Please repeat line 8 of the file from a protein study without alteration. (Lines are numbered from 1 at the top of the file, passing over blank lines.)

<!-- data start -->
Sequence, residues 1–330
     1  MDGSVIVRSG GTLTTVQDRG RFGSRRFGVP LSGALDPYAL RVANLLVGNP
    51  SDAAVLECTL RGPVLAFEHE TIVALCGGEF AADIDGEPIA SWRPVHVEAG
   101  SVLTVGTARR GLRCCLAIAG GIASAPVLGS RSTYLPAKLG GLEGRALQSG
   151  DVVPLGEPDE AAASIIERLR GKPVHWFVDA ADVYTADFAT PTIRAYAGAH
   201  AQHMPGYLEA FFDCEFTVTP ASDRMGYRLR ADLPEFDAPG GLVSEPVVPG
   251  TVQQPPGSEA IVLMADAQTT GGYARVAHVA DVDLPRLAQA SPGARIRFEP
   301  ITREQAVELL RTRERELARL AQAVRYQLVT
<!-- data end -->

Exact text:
   301  ITREQAVELL RTRERELARL AQAVRYQLVT